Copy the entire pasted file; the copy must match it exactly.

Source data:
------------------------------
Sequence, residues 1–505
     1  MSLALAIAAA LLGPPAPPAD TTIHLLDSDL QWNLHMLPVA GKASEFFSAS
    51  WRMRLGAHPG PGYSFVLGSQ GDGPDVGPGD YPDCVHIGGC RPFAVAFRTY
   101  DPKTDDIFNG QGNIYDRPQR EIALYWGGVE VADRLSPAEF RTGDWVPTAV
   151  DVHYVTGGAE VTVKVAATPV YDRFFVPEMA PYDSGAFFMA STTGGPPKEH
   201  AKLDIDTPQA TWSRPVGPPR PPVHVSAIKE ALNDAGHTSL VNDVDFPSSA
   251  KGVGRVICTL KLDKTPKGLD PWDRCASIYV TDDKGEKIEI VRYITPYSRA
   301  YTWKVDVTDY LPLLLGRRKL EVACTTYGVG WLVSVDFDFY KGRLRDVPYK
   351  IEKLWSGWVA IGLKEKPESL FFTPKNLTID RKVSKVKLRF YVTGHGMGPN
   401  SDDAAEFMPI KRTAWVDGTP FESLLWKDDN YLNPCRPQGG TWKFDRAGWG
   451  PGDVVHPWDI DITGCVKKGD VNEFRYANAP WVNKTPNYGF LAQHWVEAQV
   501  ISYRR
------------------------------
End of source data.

Sequence, residues 1–505
     1  MSLALAIAAA LLGPPAPPAD TTIHLLDSDL QWNLHMLPVA GKASEFFSAS
    51  WRMRLGAHPG PGYSFVLGSQ GDGPDVGPGD YPDCVHIGGC RPFAVAFRTY
   101  DPKTDDIFNG QGNIYDRPQR EIALYWGGVE VADRLSPAEF RTGDWVPTAV
   151  DVHYVTGGAE VTVKVAATPV YDRFFVPEMA PYDSGAFFMA STTGGPPKEH
   201  AKLDIDTPQA TWSRPVGPPR PPVHVSAIKE ALNDAGHTSL VNDVDFPSSA
   251  KGVGRVICTL KLDKTPKGLD PWDRCASIYV TDDKGEKIEI VRYITPYSRA
   301  YTWKVDVTDY LPLLLGRRKL EVACTTYGVG WLVSVDFDFY KGRLRDVPYK
   351  IEKLWSGWVA IGLKEKPESL FFTPKNLTID RKVSKVKLRF YVTGHGMGPN
   401  SDDAAEFMPI KRTAWVDGTP FESLLWKDDN YLNPCRPQGG TWKFDRAGWG
   451  PGDVVHPWDI DITGCVKKGD VNEFRYANAP WVNKTPNYGF LAQHWVEAQV
   501  ISYRR